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Hubble takes first image since switching to new pointing mode

This NASA Hubble Space Telescope features the galaxy NGC 1546.
This NASA Hubble Space Telescope captured an image of the galaxy NGC 1546. NASA, ESA, STScI, David Thilker (JHU)

The Hubble Space Telescope has been through some troubles of late, and the way that it operates had to be changed recently to compensate for some degraded hardware. The telescope’s three gyros, which help it to switch between different targets in the sky, have been experiencing issues, with one in particular frequently failing over recent months. NASA made the decision recently to change the way that Hubble points, and it now uses just one gyro at a time instead of all three in order to preserve the two remaining gyros for as long as possible.

This change means that Hubble will now be slower to switch between targets, and there are some targets (like objects very close to Earth) that it won’t be able to observe any more. But the upside is that Hubble is still working and producing gorgeous images of space — including the image above, which is one of the first taken since Hubble switched to its new mode.

As well as demonstrating that Hubble is still alive and well and able to keep doing science, the image shows the nearby galaxy of NGC 1546 and the dramatic lanes of dust that swirl around the galaxy’s center. The dust takes on a reddish-brown color due to the light filtering through from the bright galaxy center, which glows in yellow. The blue areas in this image are where young, hot stars are forming.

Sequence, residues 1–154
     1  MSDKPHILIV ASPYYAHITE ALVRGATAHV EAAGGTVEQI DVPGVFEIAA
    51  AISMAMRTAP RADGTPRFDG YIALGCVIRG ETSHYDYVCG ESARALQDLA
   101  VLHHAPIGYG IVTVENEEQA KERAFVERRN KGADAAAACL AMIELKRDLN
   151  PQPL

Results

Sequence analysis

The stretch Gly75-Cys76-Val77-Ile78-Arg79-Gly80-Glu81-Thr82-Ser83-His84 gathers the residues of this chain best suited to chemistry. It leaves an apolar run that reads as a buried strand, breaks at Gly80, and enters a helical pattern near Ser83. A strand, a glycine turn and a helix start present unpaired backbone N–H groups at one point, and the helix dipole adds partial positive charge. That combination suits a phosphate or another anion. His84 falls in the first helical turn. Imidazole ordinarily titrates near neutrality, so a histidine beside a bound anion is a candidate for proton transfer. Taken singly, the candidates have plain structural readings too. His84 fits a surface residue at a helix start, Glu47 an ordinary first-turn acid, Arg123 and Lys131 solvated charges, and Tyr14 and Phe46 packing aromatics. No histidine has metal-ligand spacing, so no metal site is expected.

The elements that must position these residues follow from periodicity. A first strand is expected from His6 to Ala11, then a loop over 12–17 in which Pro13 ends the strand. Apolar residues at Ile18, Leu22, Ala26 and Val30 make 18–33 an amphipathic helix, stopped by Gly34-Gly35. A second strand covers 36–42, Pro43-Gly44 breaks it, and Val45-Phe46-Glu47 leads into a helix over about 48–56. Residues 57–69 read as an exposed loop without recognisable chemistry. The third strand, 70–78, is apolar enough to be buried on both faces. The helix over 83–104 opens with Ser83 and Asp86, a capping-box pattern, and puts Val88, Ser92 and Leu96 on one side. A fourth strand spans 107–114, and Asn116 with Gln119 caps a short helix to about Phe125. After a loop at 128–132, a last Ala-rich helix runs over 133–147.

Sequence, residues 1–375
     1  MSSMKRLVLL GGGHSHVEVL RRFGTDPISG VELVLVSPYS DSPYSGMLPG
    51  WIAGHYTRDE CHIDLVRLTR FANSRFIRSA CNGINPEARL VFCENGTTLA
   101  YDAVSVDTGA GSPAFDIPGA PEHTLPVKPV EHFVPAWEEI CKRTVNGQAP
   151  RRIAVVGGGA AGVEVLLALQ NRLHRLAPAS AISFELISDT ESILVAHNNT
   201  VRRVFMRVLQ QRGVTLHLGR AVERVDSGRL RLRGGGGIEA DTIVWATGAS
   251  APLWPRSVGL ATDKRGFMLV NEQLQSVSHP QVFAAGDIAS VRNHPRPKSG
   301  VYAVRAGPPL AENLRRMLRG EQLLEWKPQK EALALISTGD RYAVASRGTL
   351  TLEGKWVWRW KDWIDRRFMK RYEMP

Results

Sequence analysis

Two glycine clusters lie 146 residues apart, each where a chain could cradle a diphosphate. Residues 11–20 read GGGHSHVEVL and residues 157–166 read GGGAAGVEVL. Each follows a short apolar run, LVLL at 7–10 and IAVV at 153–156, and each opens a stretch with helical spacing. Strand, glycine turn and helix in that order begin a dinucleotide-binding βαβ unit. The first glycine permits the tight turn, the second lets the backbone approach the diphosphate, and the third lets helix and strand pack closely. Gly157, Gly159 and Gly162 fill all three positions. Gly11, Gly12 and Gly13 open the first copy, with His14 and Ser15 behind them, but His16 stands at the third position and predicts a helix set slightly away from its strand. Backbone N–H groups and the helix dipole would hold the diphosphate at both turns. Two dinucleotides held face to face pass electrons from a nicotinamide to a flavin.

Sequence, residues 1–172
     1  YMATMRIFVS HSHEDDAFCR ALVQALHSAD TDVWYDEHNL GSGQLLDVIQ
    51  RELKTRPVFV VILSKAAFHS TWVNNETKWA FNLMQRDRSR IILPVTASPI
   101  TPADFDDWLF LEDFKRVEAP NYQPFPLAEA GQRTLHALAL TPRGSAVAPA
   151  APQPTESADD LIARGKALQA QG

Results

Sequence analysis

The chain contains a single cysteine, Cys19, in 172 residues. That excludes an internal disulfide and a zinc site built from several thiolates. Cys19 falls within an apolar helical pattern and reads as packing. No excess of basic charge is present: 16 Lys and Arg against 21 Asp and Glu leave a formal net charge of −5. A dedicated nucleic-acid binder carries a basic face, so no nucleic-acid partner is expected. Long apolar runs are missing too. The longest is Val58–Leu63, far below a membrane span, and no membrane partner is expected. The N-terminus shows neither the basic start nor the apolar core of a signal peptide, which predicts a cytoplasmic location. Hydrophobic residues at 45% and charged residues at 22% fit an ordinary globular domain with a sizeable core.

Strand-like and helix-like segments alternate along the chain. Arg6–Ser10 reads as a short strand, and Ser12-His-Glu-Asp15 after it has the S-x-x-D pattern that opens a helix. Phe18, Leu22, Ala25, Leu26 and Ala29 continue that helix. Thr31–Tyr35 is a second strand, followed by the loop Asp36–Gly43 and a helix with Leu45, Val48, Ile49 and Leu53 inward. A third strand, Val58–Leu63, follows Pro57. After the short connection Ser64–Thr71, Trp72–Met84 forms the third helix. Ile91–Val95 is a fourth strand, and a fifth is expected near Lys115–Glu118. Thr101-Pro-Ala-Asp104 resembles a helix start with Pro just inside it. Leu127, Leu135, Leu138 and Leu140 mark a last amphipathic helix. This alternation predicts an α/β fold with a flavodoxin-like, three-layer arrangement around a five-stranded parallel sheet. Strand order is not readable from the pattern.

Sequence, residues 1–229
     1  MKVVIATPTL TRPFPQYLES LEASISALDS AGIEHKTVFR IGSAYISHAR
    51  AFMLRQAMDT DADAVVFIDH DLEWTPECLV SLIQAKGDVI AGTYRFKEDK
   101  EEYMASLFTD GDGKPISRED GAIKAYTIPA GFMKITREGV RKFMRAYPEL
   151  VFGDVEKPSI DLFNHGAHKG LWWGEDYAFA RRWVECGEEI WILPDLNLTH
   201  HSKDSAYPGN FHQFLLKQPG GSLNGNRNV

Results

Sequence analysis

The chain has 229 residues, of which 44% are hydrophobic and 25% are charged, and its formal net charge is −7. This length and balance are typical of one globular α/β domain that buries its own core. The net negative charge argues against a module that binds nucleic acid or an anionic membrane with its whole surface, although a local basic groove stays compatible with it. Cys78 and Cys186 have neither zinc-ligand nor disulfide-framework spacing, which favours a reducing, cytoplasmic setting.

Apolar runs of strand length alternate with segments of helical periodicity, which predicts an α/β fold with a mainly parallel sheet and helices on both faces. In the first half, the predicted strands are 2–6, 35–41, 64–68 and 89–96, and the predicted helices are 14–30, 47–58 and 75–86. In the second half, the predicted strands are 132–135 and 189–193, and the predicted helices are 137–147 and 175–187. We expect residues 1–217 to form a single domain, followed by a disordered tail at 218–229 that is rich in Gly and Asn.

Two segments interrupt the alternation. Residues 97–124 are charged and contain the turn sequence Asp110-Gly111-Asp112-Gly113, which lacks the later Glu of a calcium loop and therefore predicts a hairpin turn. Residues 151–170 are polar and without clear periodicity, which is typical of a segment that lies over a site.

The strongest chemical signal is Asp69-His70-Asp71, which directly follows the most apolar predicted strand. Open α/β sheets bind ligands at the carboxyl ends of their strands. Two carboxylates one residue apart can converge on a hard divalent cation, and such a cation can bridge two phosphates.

“Hubble’s new image of a spectacular galaxy demonstrates the full success of our new, more stable pointing mode for the telescope,” said Dr. Jennifer Wiseman, senior project scientist for Hubble at NASA’s Goddard Space Flight Center, in a statement. “We’re poised now for many years of discovery ahead, and we’ll be looking at everything from our solar system to exoplanets to distant galaxies. Hubble plays a powerful role in NASA’s astronomical toolkit.”

Hubble is now more than 30 years old, as it was launched in 1990. It has had various challenges and fixes over the years, most notably when it was first launched and a tiny flaw in its primary mirror caused all of its images to come out blurry. That was fixed by sending a team of astronauts on a space shuttle mission to visit the telescope. There were a total of five servicing missions, with the most recent occurring in 2009,. Since then, all maintenance to Hubble has been performed remotely from the ground.

Georgina Torbet
Georgina is the Digital Trends space writer, covering human space exploration, planetary science, and cosmology. She…
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